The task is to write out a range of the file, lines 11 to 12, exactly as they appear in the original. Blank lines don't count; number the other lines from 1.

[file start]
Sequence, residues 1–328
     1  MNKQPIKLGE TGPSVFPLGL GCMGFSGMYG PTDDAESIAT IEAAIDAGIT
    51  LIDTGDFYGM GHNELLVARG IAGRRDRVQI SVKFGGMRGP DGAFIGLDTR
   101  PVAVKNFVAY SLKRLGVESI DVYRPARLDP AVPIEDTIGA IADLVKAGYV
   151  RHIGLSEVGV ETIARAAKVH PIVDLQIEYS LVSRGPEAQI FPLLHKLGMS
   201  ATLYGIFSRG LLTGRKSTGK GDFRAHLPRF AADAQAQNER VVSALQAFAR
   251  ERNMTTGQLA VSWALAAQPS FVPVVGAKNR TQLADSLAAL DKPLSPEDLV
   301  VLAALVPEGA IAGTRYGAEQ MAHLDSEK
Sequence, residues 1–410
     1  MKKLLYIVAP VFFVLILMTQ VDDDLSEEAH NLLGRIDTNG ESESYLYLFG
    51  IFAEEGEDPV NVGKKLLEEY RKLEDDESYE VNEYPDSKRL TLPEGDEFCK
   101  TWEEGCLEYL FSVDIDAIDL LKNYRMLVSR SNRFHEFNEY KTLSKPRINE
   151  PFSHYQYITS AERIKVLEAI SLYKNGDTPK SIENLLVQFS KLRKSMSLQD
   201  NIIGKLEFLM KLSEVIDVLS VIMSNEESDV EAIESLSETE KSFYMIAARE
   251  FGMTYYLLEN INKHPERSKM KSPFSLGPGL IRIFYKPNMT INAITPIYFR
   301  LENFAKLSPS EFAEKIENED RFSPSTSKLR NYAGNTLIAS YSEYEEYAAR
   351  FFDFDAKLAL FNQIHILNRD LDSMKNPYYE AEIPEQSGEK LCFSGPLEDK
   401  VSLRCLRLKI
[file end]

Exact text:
    51  IFAEEGEDPV NVGKKLLEEY RKLEDDESYE VNEYPDSKRL TLPEGDEFCK
   101  TWEEGCLEYL FSVDIDAIDL LKNYRMLVSR SNRFHEFNEY KTLSKPRINE